Grading Plan (Wakefield Elementary) 19-20
Their general purpose hasn't changed since you got them, but we've sharpened their focus around data so you can help your child succeed.
All elementary students receive a report card at the end of each nine-week reporting period. It outlines the student's progress in meeting the state standards for his or her grade. It also offers info on your child's classroom behavior and work habits.
Feel free to request a conference with your child's teacher to discuss his or her progress and ways you can support learning in and out of school.
All K-5 students receive a report card at the end of each nine-week reporting period.
Student performance descriptions:
Levels 1 to 4 indicate whether your child met expectations set by the state's Standard Course of Study. These levels also indicate whether he or she has the necessary skills and concepts to be successful in the next quarter or next grade.
Teachers' assessments include observations and evidence collected throughout the grading period to determine their students' levels of proficiency. The descriptors for each level have been aligned to the expectations of the state Standard Course of Study for all content areas.
Level 4 - Exemplary
Student consistently demonstrates an in-depth understanding of the standards, concepts and skills taught during this reporting period.
Level 3 - Proficient
Student consistently demonstrates an understanding of the standard, concepts and skills taught during this reporting period.
Level 2 - Approaching Proficiency
Student is approaching an understanding of the standards, concepts and skills taught during this reporting period.
Level 1 - Non-Proficient
Student does not yet demonstrate an understanding of the standards, concepts and skills taught during this reporting period.
Conduct and work habits
Students receive grades (1, 2 or 3), separate from the content area, for conduct and work habits. In reporting on conduct, the teacher can indicate whether the student meets expectations in cooperating with others, respecting others and observing rules and procedures. In reporting on work habits, the teacher can indicate whether the student uses time wisely, listens carefully, completes assignments, writes legibly, works independently or seeks help when needed, and completes work. The following descriptors will be used:
3 - meets expectations
2 - inconsistently meets expectations
1 - does not meet expectations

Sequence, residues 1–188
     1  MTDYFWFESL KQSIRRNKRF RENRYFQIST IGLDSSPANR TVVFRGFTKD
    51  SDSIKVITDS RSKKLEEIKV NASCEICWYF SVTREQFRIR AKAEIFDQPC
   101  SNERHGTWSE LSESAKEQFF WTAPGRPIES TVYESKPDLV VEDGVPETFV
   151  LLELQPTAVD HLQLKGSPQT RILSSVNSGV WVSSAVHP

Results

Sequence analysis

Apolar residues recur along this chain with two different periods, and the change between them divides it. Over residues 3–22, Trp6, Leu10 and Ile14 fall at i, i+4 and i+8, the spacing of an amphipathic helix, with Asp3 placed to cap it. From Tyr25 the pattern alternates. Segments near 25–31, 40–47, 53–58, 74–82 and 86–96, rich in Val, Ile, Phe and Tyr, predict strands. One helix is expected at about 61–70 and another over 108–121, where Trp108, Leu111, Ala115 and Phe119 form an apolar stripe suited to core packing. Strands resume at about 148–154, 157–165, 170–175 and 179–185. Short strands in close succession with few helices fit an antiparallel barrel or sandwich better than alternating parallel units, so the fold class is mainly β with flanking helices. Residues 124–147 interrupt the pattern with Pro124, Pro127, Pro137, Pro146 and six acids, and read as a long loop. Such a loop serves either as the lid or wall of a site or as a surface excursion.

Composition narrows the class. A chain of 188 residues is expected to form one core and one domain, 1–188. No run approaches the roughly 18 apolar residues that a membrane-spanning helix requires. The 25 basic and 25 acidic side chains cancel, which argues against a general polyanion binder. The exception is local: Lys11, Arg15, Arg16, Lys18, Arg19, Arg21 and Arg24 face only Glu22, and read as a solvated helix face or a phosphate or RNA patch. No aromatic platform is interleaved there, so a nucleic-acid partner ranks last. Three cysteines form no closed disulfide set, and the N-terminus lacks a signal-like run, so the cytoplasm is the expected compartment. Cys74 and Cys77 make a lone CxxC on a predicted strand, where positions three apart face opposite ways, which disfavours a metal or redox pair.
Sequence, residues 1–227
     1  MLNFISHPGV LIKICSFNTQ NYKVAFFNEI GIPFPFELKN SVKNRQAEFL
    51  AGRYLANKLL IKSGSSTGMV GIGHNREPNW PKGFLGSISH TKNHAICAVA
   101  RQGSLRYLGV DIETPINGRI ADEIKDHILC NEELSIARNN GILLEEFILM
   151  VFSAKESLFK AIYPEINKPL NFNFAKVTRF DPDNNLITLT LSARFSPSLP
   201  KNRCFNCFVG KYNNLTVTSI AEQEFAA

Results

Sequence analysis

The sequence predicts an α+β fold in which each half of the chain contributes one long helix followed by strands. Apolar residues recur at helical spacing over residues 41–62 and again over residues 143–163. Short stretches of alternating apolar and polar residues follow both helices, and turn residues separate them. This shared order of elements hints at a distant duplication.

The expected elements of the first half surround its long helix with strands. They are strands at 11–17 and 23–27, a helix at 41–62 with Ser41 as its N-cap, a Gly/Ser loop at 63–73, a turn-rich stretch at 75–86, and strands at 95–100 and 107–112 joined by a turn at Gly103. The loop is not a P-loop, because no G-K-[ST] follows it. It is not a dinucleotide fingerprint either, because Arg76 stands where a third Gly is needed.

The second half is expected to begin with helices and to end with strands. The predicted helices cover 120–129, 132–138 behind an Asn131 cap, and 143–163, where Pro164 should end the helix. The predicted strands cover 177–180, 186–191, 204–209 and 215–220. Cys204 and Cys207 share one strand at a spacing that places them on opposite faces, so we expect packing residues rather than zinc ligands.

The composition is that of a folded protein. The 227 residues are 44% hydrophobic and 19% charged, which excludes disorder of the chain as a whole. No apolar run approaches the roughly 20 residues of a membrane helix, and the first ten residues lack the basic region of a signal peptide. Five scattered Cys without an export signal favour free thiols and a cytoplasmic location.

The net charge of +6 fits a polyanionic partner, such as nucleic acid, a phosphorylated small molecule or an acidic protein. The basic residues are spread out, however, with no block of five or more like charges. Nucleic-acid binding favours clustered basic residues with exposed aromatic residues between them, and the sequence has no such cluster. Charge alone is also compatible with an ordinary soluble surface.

Your child also will receive a report of progress in specials (Healthful Living, Music, Visual Arts and World Language) at the end of each semester. Additional specials and/or magnet electives will appear on a report card addendum.
For students at risk of academic failure, our school seeks to provide a prevention/intervention system that promotes successful completion and mastery of work. Details of our plan are below.
The following are school-wide expectations for how we support prevention-intervention efforts:
Students are collaboratively identified through PLT’s and the RtI process using multiple data sources.
Students who are a year or more below benchmark and/or have deficits in 2 or more skills will be considered for pull-out services.
Data used to determine student need will include, but will not be limited to, the following: running records, universal screening data, digging deeper assessments, report cards, interim reports, common assessments, anecdotal notes, NKT, mCLASS, ACCESS, EOY summative assessments.
Wakefield Elementary follows WCPSS Policy:
Inasmuch as the term "homework" refers to school-related instruction that is to be completed outside the classroom, it should fulfill the following purposes:
1. To enrich and extend school experiences through related home activities.
2. To reinforce learning by providing practice and application.
Each teacher shall follow the school's homework plan guidelines concerning the amount of homework assigned and the length of time required for completion. Additionally, the following procedures should be implemented to ensure homework is appropriately assigned:
A. The teacher will introduce a concept or skill, thoroughly explain the concept or skill, and provide guided practice before making a related homework assignment.
B. Homework assignments shall be specific, within the student' ability and have clearly defined expectations. Questions pertaining to the completion of a homework assignment should be answered and clarified.
C. Homework assignments are not to be given as punishment or busy work.
D. Homework assignments will not require the use of books or materials which are not readily available in the home or accessible to the student.
Teachers shall provide specific and timely feedback on homework assignments.
A. Homework is considered practice in grades K-5; therefore, it is reflected in the Work Habits grade. Homework should be considered in reporting a student's progress to parents; however, in grades 6-12 homework should not exceed fifteen percent (15%) of a student's academic grade for a marking period.
B. To evaluate the effectiveness of a homework assignment, the following questions might be applied:
1. Does the student possess the skills needed to complete the assignment?
2. Does the assignment extend and enrich class work?
3. Does the assignment meet a real need in the student's learning experience?
4. Does the student clearly understand the purpose of the assignment?
5. Can the assignment be completed within the suggested time limits?
6. Do some assignments provide opportunities for the development of initiative, creativity, and responsibility?
IV. The research-based guidelines for minutes of homework per day are:
K-2 - 20 minutes per day
3-5 - 50 minutes per day
6-8 - 90 minutes per day
9-12 - 120 minutes per day